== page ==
By Alan Clawley.
Whether we like them or loathe their appearance or their alleged symbolism, we can at least agree that the intersecting rings of aluminium now appearing on the new library will not make it work any better as a library. They have no function other than the obvious one of making a plain building look more interesting.
By clothing a modernist building in a fancy dress the architect of the new library appears to have abandoned Functionalism, a theory invented by the Modern Movement that made decoration a moral crime.
The pioneering Modern architects were inspired by unadorned structures such as grain silos, aircraft and ocean liners. They rejected the past when buildings were plastered with bits of historical junk whether classical or mediaeval in origin. The twentieth century was to be the Age of the Machine and its spare aesthetic doctrine would be Functionalism.
There is no doubt that the return of decoration is a response to the widespread dislike of twentieth century architecture. The starkly functionalist architecture of the existing Central Library is unpopular enough to give the Council the excuse they need to destroy it. Yet, beneath its surface the new library is remarkably like the existing one. It may have round atriums rather than rectangular ones but it still needs escalators, toilets and a place to store and look at books.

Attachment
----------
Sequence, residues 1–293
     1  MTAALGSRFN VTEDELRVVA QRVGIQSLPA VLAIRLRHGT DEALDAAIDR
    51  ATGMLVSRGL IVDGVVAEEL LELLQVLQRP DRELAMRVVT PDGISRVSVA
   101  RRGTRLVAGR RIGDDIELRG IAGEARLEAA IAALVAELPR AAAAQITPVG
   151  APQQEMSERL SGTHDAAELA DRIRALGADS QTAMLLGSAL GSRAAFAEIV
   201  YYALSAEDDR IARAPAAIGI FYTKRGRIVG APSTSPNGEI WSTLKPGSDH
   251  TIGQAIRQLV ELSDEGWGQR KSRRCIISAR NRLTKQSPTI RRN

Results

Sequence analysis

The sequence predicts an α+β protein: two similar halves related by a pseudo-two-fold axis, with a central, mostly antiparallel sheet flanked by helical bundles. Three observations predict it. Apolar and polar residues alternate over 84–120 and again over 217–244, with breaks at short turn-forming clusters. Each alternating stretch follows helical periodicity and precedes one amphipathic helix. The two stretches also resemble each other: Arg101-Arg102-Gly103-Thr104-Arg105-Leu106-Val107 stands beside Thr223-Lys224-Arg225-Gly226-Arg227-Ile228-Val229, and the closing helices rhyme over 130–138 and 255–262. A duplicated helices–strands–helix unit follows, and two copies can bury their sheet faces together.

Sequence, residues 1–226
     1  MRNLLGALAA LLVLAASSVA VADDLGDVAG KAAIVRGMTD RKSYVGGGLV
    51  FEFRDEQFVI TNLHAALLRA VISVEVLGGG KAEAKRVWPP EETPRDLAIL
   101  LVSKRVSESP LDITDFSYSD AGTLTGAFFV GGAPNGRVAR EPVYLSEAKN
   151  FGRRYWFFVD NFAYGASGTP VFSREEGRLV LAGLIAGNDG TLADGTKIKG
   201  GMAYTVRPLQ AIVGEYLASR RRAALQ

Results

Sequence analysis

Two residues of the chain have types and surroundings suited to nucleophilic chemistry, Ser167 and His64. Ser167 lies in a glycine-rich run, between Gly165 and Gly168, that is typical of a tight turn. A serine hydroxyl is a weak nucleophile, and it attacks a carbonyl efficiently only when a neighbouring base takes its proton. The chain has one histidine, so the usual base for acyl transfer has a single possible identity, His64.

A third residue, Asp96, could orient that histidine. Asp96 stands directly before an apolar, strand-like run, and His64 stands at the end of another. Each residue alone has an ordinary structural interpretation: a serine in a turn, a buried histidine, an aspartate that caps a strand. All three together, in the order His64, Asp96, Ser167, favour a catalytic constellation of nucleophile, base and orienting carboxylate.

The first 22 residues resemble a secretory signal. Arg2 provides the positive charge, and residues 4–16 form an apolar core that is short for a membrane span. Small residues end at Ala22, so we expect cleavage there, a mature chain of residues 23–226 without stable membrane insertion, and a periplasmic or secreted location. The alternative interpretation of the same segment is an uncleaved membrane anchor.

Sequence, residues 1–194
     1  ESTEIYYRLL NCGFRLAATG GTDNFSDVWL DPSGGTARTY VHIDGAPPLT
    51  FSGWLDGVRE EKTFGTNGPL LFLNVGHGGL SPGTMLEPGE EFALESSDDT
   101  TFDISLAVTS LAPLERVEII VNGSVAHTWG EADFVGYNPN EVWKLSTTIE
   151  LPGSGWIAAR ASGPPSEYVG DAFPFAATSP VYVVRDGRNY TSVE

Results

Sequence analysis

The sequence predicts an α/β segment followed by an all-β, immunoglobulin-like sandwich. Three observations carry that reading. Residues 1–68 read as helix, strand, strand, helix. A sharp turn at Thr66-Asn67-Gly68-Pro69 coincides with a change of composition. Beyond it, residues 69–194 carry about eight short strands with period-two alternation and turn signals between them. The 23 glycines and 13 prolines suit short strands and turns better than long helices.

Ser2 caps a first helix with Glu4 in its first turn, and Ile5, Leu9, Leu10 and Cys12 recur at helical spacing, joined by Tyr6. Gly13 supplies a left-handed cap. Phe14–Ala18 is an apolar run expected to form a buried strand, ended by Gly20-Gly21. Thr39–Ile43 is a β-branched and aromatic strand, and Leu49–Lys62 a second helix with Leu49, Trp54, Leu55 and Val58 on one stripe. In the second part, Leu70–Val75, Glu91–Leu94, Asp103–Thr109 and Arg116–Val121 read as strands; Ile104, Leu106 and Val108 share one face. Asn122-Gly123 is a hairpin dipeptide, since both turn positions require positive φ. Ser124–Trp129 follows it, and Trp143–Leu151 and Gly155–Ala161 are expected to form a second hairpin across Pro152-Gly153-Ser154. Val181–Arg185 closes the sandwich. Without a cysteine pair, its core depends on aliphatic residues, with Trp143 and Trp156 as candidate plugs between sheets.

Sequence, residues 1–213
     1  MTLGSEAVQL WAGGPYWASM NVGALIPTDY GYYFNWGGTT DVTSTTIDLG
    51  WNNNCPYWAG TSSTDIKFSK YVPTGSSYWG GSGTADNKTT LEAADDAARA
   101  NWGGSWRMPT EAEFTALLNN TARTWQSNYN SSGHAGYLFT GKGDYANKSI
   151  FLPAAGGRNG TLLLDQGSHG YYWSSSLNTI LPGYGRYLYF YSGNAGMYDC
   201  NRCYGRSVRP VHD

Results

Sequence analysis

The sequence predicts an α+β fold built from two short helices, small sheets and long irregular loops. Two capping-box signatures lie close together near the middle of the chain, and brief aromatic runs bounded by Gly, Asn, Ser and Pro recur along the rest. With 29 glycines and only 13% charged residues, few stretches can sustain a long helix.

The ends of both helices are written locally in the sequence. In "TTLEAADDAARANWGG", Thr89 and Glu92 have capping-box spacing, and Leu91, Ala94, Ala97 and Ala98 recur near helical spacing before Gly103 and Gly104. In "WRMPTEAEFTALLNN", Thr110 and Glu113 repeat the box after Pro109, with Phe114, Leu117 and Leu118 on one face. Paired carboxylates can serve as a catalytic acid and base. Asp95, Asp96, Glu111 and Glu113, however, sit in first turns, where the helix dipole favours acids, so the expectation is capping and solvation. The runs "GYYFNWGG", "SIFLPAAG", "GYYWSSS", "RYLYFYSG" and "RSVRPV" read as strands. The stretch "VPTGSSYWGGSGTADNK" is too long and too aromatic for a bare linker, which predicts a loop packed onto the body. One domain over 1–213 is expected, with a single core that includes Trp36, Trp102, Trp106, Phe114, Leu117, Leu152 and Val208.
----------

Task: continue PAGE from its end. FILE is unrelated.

Its intriguing to imagine the effect of giving the existing Library a similar new skin to cover its age-marked concrete. Perhaps it could have thrown off its austere image and become popular overnight.
But it is just possible that what impresses the public about the new library is simply that it is very expensive, and that a lot of money – £3 million according the library chief Brian Gambles – is being spent, not on the needs of a library, but on a non-essential façade.
The parallels with the past are telling. The cathedrals were built many times bigger that they had to be and covered with sculpture and decoration to the glory of God (and some would say the temporal church). Victorian banks and building societies, town councils, railway companies, and waterworks companies, all built extravagant and ornate buildings to impress the public with their power and wealth.
So the design of new library turns the clock back to the ostentatious nineteenth century. But we are told that the City Council (and the country) is short of money now so, if that is true, it seems a strange time to flaunt symbols of wealth. Which only leaves power, and that too is also a declining asset these days.